Lawrence Berkeley National Laboratory
In-silico Methods for Troubleshooting Genomic Shotgun Data
- Author(s): Goltsman, Eugene
- Singan, Vasanth
- Trong, Stephan
- Copeland, Alex
- Lapidus, Alla
- et al.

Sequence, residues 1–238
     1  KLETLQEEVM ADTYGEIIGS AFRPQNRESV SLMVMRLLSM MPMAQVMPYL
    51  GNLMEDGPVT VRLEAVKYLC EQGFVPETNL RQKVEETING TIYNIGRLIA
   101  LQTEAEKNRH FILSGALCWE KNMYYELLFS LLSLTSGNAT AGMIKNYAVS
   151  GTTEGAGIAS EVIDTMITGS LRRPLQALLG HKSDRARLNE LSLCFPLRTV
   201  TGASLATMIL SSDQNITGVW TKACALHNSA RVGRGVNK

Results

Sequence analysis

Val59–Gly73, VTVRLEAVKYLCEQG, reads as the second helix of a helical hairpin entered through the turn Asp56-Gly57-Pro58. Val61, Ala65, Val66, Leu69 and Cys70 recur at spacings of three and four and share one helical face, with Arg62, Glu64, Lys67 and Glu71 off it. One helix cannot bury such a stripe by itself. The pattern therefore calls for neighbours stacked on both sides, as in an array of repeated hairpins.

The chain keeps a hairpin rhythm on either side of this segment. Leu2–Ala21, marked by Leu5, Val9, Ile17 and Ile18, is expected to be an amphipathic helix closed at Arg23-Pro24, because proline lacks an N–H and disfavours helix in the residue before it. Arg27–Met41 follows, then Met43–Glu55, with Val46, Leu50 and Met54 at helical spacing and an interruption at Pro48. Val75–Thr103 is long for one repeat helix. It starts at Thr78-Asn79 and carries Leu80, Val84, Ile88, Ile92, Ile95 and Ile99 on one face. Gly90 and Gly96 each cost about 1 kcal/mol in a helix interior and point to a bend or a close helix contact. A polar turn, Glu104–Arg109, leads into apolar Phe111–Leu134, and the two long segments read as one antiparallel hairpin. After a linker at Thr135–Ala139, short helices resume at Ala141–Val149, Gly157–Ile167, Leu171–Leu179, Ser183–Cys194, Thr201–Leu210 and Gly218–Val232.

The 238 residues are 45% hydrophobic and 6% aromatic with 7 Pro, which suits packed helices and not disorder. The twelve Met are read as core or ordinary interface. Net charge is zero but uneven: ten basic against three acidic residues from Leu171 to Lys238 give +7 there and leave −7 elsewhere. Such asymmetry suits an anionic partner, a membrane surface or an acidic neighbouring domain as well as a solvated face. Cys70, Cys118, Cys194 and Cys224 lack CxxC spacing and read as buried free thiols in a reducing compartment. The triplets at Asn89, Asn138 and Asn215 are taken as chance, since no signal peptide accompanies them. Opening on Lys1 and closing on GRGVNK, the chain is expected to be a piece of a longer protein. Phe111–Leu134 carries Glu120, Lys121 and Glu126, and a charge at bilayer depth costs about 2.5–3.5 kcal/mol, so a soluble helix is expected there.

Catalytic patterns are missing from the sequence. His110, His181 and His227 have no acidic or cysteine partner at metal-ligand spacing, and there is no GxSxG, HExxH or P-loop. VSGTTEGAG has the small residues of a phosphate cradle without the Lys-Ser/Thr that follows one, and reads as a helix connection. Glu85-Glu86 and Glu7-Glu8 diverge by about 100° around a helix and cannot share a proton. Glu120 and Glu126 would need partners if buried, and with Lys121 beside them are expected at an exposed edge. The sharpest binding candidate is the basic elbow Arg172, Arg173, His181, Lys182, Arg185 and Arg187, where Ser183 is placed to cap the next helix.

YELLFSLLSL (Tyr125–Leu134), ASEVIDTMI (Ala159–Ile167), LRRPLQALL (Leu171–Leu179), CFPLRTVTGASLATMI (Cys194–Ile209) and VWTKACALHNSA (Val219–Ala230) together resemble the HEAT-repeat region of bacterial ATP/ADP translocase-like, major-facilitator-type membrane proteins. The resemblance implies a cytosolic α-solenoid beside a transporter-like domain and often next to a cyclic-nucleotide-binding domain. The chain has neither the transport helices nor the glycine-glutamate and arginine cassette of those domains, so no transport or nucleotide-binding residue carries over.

End-sequencing of shotgun libraries of small genomic inserts is today the most popular approach to Whole Genome Sequencing (WGS). Irregularities in WGS datasets present assembly problems that are expensive and time-consuming to solve, with cloning bias, contamination and long repeats posing the biggest challenges. Shotgun assembly data exhibit well recognizable patterns that follow certain statistical models, and deviations from these models usually stem from flaws and anomalies in the input data, which in turn reflect problems in the cloning protocol, chemistries, or the DNA being sequenced. We developed several statistical and bioinformatic methods for detecting cloning bias, DNA contamination and high repeat content at early stages of the WGS project. These methods are based on analyses of i) depth of coverage distributions, ii) dynamics of iterarative assemblies and iii) GC profiles of real and simulated shotgun datasets. We identify and describe relationships between read coverage and the Poisson function and demonstrate ways to routinely identify cloning bias and contamination through these relationships. Identifying abnormal patterns in the dataset s GC profile at various levels (s.a. genome, library, plate) provided a convenient method for catching suspected contamination. Routine automated application is also discussed.